To get access to the study please click the button down below or contact us directly at research@exaloan.com.

If you want to find out more, reach out to us.

We look forward to working with you!

Share it with your friends!

Share on facebook
Share on twitter
Share on linkedin
Share on email
Share on print
Categories
Blog

Digital Finance: Driving Financial Inclusion in Africa | Part 2

Digital Finance: Driving Financial Inclusion in Africa | Part 2

In one of our last blogposts, we begin discussing the impact of the global digital lending industry on financial inclusion, based on the example of Africa. In this blog post, we will go more into detail exploring the different variations and business models that fall under the umbrella of Digital Lending.

The Digital Lending Landscape | Sub-Saharan Africa 

The visualization below shows three main lending models: Bank Originated Digital Lending, Balance Sheet Lending and Peer-to-Peer lending. We will explain these models based on their implementation in Africa and discuss how these models are linked to the development stage of the financial system and its African participants.

Source: based on FSI Insights on policy implementation No 27; Regulating fintech financing: digital banks and fintech platforms

Bank Originated Digital Lending entails banks partnering up with mobile service providers or startups to deliver their loans through digital channels. These offerings were the first to come to market, piggybacking off newly emerged mobile money systems and making use of established deposit-taking institutions. The first such lending scheme to emerge in Kenya was M-Shwari, a collaboration between the Commercial Bank of Kenya (CBK) and Safaricom, the provider of the M-Pesa mobile wallet. Bank-based digital lending is among the best-regulated form of digital lending in Africa since banks fall under the jurisdiction of local regulators.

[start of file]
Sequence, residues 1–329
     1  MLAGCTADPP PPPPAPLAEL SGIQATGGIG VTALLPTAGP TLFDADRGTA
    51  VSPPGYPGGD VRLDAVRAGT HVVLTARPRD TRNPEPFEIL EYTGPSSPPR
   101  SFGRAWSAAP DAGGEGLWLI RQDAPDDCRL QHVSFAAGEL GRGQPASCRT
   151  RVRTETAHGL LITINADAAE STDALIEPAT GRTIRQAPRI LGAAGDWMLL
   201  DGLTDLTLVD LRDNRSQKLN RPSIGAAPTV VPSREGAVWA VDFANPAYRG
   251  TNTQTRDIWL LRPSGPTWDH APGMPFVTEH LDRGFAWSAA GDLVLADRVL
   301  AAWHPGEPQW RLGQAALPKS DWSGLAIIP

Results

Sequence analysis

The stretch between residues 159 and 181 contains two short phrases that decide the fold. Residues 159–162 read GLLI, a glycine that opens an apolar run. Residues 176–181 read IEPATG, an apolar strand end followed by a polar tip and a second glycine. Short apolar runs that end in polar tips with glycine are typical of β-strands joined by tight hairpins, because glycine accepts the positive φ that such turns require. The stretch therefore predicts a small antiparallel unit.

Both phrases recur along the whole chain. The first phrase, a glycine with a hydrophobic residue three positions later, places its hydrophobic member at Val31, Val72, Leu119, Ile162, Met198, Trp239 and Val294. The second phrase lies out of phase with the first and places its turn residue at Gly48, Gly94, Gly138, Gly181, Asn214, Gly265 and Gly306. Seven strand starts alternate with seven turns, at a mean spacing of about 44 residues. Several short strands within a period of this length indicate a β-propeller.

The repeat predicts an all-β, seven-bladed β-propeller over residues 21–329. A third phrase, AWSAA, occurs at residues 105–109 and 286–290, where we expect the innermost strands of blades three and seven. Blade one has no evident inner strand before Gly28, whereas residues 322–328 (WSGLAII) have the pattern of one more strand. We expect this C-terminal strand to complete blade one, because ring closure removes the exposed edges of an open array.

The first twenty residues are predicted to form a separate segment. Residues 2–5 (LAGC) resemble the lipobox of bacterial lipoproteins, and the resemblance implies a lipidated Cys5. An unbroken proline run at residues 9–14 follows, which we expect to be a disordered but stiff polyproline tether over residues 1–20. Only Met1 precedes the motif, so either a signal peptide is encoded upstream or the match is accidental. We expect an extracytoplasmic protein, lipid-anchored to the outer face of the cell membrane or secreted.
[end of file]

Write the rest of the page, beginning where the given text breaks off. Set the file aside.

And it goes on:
Other players in the Sub-Saharan Digital Lending Ecosystem are Balance Sheet Lenders. They lend out proprietary funds acquired via capital or debt markets. This sector has grown significantly with notable players such as Branch and Tala, two Silicon Valley affiliated companies operating in Emerging Markets across the globe. Unlike banks these lenders do not take deposits and fall out of most of the traditional regulatory framework. These types of lenders have also been bogged down by controversy connected to the often extremely high interest rates that are not always communicated transparently to the borrowers (the Africa Report, 2021), prompting moves towards more regulatory scrutiny.

According to the 2nd Global Alternative Finance Market Benchmarking Report (2021), the global market share of Balance sheet consumer and business Lending in 2020 reached 36% of the estimated alternative finance loan volume, which amounted to more than 40 billion dollars.